Improving changeovers in pharma industry is a relatively quick and easy way to… quick wins, faster and easier than usually assumed. This series tells you why.
Episode III: How to and Why it works
In the previous Episode I explained the background of the lag of many traditional pharma makers in regards to Industry Best Practices (mainly Lean) and operational performance. I highlighted faster changeovers as leverage for recovering wasted capacity and improve performances. In Episode II I gave examples of gains that can be expected and why.
In this Episode, I explain how and why it works.
The first approach is the least “risky” one, which will not change anything, thus not jeopardizing compliance to procedures nor quality. It is based on the fact that changeovers take frequently more time than initially allocated and the assumption that the changeover procedure is sound and the time allocation is reasonable, i.e. changeover doable during the allocated time.
Reminder: pharma is regulation-constrained
As I explained in Episode II, in pharma industry all steps of a changeover are prescribed in procedures and traced. Lots of information and proofs are captured, paperwork filled because a great deal of these procedures are mandatory in order to comply with Good Manufacturing Practices (GMP) and/or local regulation.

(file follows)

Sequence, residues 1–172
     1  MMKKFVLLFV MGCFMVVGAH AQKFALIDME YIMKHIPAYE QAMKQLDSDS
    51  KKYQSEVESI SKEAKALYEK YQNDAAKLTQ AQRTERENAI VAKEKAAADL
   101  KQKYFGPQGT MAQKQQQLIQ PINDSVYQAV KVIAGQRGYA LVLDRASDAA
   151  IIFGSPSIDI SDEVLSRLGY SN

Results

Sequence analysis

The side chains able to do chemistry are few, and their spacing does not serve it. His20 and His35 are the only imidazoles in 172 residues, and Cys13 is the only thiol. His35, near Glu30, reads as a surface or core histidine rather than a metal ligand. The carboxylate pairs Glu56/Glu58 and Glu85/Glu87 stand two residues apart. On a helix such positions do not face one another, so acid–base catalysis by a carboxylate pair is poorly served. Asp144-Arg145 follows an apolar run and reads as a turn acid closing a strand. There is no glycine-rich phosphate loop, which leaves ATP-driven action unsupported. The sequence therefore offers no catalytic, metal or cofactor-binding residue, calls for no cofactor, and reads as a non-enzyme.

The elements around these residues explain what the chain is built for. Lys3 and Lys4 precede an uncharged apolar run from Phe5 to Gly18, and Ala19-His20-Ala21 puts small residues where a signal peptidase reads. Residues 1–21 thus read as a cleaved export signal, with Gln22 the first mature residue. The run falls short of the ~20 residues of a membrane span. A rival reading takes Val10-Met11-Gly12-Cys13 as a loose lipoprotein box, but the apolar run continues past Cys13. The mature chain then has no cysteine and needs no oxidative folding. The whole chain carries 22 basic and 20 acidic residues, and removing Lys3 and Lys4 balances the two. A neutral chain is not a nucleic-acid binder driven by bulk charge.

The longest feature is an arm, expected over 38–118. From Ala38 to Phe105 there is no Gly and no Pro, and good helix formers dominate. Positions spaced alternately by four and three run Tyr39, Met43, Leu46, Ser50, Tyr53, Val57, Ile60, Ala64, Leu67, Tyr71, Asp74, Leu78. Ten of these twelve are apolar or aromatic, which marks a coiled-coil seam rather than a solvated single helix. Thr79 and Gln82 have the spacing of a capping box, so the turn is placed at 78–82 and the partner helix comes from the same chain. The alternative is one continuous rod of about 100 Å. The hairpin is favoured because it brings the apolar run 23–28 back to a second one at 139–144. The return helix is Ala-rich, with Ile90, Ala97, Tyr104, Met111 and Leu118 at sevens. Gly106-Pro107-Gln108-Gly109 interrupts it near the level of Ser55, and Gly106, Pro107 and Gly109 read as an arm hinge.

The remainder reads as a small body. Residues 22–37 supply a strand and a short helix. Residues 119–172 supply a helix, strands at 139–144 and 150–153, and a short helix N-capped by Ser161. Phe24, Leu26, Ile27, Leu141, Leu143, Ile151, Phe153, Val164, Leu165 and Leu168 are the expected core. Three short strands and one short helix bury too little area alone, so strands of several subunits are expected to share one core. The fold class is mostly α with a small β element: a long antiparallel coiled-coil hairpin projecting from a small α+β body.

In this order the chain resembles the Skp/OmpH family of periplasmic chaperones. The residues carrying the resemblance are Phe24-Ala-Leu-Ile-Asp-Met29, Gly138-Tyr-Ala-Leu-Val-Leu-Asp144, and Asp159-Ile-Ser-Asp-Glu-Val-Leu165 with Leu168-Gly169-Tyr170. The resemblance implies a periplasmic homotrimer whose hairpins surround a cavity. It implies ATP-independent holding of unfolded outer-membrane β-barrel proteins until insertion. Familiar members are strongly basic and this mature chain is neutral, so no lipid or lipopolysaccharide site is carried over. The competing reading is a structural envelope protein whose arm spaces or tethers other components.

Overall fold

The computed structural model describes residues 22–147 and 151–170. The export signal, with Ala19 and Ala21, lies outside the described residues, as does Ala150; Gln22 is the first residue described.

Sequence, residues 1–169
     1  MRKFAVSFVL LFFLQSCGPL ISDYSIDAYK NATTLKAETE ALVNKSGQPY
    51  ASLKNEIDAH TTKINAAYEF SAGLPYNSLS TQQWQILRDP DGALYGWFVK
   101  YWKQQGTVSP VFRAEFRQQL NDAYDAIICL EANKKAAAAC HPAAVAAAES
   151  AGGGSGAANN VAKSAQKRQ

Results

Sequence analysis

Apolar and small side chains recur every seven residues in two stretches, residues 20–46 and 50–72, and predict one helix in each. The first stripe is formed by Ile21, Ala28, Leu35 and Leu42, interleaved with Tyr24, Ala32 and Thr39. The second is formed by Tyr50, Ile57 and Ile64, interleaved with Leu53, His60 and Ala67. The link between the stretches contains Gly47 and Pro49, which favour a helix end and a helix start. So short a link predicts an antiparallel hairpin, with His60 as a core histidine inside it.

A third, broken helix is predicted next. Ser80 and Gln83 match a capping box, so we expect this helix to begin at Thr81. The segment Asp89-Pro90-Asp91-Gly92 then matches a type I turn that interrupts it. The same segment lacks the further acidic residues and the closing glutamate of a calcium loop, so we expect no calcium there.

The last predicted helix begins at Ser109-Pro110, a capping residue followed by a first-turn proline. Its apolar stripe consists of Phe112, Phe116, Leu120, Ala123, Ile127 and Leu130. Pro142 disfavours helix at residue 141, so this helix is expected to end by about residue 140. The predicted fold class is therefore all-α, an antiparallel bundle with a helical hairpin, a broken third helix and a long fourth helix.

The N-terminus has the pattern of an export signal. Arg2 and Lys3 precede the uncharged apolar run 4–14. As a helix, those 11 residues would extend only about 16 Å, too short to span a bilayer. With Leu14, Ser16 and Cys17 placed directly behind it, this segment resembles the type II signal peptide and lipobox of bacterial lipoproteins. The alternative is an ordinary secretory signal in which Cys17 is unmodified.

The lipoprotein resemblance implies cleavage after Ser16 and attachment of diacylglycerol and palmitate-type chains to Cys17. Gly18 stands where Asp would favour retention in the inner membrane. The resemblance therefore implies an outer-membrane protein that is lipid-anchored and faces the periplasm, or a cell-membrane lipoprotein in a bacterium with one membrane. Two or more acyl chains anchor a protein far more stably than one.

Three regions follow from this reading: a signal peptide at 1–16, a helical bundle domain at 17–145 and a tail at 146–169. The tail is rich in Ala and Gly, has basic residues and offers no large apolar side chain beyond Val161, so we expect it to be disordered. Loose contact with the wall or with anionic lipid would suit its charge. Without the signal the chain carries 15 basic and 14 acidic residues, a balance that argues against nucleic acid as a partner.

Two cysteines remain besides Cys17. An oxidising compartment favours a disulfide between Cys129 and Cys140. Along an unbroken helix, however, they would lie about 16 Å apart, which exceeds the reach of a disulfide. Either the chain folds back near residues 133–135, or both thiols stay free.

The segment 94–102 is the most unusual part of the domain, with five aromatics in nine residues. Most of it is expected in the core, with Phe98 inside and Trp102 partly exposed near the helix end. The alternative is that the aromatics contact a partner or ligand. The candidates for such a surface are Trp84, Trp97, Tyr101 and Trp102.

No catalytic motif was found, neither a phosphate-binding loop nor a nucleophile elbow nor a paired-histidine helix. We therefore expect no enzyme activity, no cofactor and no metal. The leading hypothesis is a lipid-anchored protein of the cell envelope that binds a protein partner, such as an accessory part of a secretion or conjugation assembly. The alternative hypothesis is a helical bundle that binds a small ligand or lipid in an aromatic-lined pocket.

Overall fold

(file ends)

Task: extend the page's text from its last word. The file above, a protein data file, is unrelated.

This means there is a solid reference base available against which to compare actual way of changing over as well as a reference time allocation (standard time).
In other, lesser regulation-constrained industries, such detailed procedures and capture of data might simply not exist or will be much “lighter”.
The procedure fallacy
Industrial engineering, quality assurance and management assume that when procedures are written and approved, they are the tables of the law that personnel will follow thoroughly.
This is not always the case. People on shopfloor are pretty much on their own as management is more likely sitting behind a screen, on a desk in a remote location. So there is room for doing things slightly differently than the procedure prescribes. Often it is about swapping some tasks’ order because it is more convenient or the people’s preference.
Procedures are written for the standard (perfect world) case and won’t help if something unexpected happens, e.g. some material is not available or late. As unexpected events, big or small are likely to happen, people in charge of changeover will have to adapt or wait for instructions.
Doing things in a different order and/or in a different way will impact the changeover duration. It might speed up or delay it. The problem is that people on shopfloor may not have sufficient knowledge/insight about the possible overall impact, like negative side effects, of their even so small changes.
Chances are that procedures will be followed globally but variations will be found in the details of execution. That’s one of the reasons for the differences between allocated time and actual changeover duration.
And chances are that actual duration exceeds the usually generous allocated time, reducing the productive capacity, overall effectiveness and efficiency.
The easy way to reduce changeover duration